The track isn’t a place for beginners. When you’re still learning to shift, and thinking your way though the gears, in my opinion, you’re not ready for the track. But if you’re at the point where your actions are automatic, and your body responds to your brain while you think through your next move and act, (and you’re riding a race machine) the track is the ONLY place you can safely and legally ride your bike to its or your full potential. If you don’t go you won’t know!
Track days are popping up all over. Anywhere there’s a race track there’s bound to be a motorcycle riding school school. Some are better than others. They’re not regulated like the learn-to-ride programs. Do your research. Some are very competitive and the people riding there go often in a season. A beginner might feel out of place and unsupported.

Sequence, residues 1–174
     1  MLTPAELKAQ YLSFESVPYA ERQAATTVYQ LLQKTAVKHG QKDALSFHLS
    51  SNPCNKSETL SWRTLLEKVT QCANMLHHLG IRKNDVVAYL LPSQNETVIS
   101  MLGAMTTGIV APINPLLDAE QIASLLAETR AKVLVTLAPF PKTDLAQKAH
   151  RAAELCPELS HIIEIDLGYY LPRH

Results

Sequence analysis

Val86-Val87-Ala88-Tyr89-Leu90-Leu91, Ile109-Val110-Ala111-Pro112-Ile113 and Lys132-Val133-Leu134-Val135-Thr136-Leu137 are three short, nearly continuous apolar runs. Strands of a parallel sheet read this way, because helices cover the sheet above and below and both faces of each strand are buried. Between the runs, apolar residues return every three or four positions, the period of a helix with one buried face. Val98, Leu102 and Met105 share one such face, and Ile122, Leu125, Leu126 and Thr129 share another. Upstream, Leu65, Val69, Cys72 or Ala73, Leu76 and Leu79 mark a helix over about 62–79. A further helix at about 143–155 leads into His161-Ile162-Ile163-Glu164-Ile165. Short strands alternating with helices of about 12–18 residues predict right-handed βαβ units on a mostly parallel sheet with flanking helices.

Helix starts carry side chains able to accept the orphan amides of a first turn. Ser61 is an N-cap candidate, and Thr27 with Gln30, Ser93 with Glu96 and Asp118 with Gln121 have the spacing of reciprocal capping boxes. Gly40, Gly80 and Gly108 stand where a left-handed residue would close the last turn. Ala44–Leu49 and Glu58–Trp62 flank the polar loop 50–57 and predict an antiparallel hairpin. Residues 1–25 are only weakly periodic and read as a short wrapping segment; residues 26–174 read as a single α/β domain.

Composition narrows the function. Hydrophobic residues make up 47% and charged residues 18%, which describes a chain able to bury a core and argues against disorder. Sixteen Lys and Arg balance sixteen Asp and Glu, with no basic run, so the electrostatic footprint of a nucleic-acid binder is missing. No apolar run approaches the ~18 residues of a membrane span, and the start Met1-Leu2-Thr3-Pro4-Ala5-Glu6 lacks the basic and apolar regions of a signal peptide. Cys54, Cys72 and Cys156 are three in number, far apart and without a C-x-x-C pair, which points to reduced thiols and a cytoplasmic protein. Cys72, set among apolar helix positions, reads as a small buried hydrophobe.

Others really cater to the novice rider and are thrilled to help you get started. Sorry, but it’s not cheap.
At some you bring your own bike and leathers. Others rent a very fast 600cc machine and outfit for the day. When you ride the same corners again and again you learn them, and learn to take them faster. There’s no gravel, animals or traffic crossing into your lane. You learn to cut a line, when to break, when to lean (or slide a little off the seat) and when to crack the throttle. And you go FAST! It’s very exciting. I can tell you one thing: you will never be the same after a good day at the track. You can never, not have done it. These skills will help immensely when riding the Alps, the Rockies, the Dragon’s Tail, or to the corner store. Our skill increases over time, with practise. Then it decreases with age or lack of use (but enough about that).